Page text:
It was decided to taper off risperidone and olanzapine and start aripiprazole 10mg. Within four days of stopping risperidal, her PRL level dropped to 118.9 mcg/L.  Seven days after starting aripiprazole, her PRL level decreased to 22.8 mcg/L. She however became more manic with delusional symptoms and olanzapine was needed to be restarted to reach 10mg bid. Her PRL level increased to 78 mcg/L after 20 days of starting olanzapine. PRL level was rechecked again after nine days when it had decreased to 39.1 mcg/L.


Case Report 2:



Prolactin level (mcg/L)




Zyprexa 20 mg QHS, Risperidal 2mg PO BID




Risperidone d/c


4 days after stopping risperidal


 Aripiprazole 10 mg PO QD was started

Olanzapine was discontinued

7 days later


MRI showed 3X5 nodule in pituitary stalk

7 days after starting Aripiprazole


Aripiprazole 10mg Qd

Olanzapine was restarted

20 days after starting zyprexa


Aripiprazole 10mg , Olanzapine 20mg qhs

9 days later


Aripiprazole 10mg , Olanzapine 20mg qhs


            In the first case report, the patient’s prolactin level increased in the community when she was taking paliperidone. At the time of admission, she was started on quetiapine and then finally switched to haloperidol 10mg Qd. PRL level kept increasing (up to 200 mcg/L) with different antipsychotic medications and aripiprazole was started as an adjunct. She continued taking haloperidol + aripiprazole and her PRL level dropped to 34 mcg/L. Her symptoms of hyperprolactinemia were resolved. She stopped taking aripiprazole in the community and at readmission her prolactin level was 138 mcg/L. There appeared to be a relationship between the addition of aripiprazole and the reduction of elevated prolactin level. This was in accordance with an article in the American Journal of Psychiatry: “adjunctive aripiprazole treatment reversed hyperprolactinemia in both sexes, resulting in reinstatement of menstruation in female patients, with no significant effects on psychopathology and extrapyramidal symptoms. Aripiprazole has higher affinity to dopamine D2 receptors than haloperidol, which is the likely cause of this observation” (2007). 4

            In the second case, the patient was on risperidone, olanzapine and valproic acid when she developed hyperprolactinemia (PRL level-192 mcg/L). Risperidone was discontinued and her PRL level dropped to 118 mcg/L in four days. Her MRI also showed a 3x5mm nodule in pituitary stalk. We decided to start aripiprazole and taper off zyprexa. In seven days, her PRL level returned to normal (22.8mcg/L). It was not clear in this case whether stopping olanzapine or starting aripiprazole was the cause of the drop in PRL level. We had to restart olanzapine and her PRL level increased to 78 mcg/L in 20 days. Upon rechecking after nine days, PRL level came down to 39.1 mcg/L. From this observation, it is possible that olanzapine was causing PRL to increase while aripiprazole was causing it to decrease. This effect of aripiprazole could be due to its partial agonist activity towards D2 receptors.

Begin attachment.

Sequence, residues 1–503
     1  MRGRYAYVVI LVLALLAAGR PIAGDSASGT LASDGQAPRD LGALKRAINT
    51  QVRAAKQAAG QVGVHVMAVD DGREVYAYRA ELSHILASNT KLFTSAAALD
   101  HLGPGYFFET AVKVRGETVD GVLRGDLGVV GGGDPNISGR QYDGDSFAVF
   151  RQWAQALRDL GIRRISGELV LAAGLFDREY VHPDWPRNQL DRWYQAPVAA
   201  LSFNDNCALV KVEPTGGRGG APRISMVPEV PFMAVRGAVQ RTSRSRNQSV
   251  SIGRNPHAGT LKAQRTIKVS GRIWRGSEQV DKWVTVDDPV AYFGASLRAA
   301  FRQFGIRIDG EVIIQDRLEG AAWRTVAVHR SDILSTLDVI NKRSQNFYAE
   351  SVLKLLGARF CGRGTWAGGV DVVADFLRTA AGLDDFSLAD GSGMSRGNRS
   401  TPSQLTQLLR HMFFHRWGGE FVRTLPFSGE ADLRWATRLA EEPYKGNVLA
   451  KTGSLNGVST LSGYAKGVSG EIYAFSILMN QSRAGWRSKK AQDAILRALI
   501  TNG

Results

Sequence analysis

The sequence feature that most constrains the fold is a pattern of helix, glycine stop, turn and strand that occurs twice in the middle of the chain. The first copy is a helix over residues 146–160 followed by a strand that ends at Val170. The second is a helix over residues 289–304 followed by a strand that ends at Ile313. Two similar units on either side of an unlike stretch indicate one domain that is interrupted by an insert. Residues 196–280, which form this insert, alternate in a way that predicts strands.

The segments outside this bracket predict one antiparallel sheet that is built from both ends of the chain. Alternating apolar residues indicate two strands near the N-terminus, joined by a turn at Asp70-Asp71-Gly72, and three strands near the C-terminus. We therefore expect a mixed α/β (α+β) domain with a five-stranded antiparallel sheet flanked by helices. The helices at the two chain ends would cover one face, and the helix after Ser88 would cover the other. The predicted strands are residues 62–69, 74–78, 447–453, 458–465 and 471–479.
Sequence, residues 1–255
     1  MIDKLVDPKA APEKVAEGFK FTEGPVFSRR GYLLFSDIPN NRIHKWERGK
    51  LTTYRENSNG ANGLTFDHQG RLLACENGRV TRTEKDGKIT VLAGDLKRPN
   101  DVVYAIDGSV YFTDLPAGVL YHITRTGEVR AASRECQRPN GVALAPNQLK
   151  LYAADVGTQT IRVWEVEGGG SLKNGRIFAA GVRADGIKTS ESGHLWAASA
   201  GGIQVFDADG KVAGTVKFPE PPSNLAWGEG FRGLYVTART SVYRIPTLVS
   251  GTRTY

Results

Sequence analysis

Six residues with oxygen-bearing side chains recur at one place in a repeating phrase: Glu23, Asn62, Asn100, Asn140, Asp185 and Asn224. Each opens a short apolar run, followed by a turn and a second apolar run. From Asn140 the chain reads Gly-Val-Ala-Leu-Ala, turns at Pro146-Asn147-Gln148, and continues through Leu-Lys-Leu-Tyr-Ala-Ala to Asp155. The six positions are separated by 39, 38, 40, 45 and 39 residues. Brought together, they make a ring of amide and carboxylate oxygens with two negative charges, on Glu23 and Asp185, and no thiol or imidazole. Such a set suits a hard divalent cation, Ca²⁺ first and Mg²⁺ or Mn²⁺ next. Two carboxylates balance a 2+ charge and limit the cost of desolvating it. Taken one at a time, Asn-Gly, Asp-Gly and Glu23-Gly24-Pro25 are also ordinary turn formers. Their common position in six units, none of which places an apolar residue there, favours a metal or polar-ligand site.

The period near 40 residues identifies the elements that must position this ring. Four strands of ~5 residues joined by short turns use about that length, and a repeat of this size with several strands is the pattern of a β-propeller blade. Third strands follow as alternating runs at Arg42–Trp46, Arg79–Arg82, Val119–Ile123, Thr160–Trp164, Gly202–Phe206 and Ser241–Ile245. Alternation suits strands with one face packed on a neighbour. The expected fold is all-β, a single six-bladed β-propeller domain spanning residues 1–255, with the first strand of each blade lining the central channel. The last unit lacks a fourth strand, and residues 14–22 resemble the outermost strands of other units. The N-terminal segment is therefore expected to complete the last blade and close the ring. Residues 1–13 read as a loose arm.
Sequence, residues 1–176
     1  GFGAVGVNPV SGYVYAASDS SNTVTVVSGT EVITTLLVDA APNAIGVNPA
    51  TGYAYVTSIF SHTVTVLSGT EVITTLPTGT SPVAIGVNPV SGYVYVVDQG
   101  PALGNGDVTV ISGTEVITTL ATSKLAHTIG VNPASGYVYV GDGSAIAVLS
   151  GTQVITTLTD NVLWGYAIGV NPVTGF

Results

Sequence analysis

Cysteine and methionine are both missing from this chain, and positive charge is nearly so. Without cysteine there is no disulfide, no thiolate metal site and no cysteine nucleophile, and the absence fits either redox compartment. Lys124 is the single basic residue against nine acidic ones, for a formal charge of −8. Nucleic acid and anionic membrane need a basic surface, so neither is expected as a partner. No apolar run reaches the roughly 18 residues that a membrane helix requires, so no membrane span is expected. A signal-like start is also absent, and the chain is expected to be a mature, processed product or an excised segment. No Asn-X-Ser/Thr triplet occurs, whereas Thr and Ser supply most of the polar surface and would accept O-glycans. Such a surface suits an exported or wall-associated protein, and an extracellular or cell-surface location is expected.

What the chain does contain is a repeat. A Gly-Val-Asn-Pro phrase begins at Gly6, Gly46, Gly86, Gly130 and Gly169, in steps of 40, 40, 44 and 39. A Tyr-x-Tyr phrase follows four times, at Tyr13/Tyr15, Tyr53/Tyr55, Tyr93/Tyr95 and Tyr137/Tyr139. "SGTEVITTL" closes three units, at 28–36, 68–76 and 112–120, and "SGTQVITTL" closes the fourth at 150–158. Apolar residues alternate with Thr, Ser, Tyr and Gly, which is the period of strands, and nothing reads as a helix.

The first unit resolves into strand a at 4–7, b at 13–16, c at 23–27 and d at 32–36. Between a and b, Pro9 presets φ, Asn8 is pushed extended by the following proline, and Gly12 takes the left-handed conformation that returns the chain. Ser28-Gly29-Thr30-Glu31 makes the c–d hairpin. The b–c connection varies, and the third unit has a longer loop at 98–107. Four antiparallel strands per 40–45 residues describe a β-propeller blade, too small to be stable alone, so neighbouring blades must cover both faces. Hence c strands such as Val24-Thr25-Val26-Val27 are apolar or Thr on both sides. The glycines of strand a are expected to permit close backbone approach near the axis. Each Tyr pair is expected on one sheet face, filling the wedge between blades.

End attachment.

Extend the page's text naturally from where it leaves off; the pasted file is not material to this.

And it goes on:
·         In both cases, antipsychotics including haloperidol, risperidone, palliperodone, and olanzapine appeared to be associated with the rise in prolactin level.

·         Adding aripiprazole as an adjunct appeared to help reduce prolactin levels in both patients, with reversal of hyperprolactinemia symptoms.

·         MRI showed pathological lesions related to the pituitary gland, which could be a contributing factor in raising prolactin levels.

·         More studies need to be done to find appropriate guidelines to use aripiprazole as an adjunct to treat hyperprolactinemia caused by antipsychotic use or by pathological lesions.



1.      Harrison’s Principle of Internal medicine, 16th edition, Chapter 318 : Disorder of the pituitary and Hypothalamus, page: 2085; McGraw – Hill, 2005

2.      Kaplan and Sadock's Synopsis of Psychiatry: Behavioral Sciences/Clinical Psychiatry, 10th Edition; Dopamine Receptor Antagonists- Typical Antipsychotics; Chapter 36.18; page: 1048, Lippincott Williams & Wilkins, 2007

3.      The American Psychiatric Publication of Psychopharmacology, 4th Edition Chapter 31. Aripiprazole,

4.      Joo-Cheol Shim, M.D., Ph.D., Jae-Goo K. Shin, M.D., Ph.D., Deanna L. Kelly, Pharm.D. , et al; Adjunctive Treatment with a Dopamine Partial Agonist, Aripiprazole, for Antipsychotic-Induced Hyperprolactinemia: A Placebo-Controlled Trial, Am J Psychiatry 2007; 164: 1404 -1410